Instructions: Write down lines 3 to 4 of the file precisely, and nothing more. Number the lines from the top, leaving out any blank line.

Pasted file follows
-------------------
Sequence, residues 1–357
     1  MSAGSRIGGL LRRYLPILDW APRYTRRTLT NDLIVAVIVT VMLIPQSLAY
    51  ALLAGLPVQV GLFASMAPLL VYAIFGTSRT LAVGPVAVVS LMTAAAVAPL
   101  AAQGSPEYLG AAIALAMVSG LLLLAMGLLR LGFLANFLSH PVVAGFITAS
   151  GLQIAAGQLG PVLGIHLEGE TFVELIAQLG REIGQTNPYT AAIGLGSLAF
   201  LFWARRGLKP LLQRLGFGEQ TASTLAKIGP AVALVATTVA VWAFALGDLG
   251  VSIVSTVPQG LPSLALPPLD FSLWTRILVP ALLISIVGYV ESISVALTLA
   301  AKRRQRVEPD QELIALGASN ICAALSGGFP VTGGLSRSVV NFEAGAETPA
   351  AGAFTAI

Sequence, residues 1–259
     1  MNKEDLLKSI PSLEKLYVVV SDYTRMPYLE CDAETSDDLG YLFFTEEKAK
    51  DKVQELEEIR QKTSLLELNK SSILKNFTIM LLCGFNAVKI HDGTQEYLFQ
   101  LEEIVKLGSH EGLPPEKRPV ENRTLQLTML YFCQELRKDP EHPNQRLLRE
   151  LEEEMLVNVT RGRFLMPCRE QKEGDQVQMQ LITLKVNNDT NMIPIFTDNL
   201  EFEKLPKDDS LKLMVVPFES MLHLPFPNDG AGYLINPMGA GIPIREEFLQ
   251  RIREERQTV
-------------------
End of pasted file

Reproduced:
    51  ALLAGLPVQV GLFASMAPLL VYAIFGTSRT LAVGPVAVVS LMTAAAVAPL
   101  AAQGSPEYLG AAIALAMVSG LLLLAMGLLR LGFLANFLSH PVVAGFITAS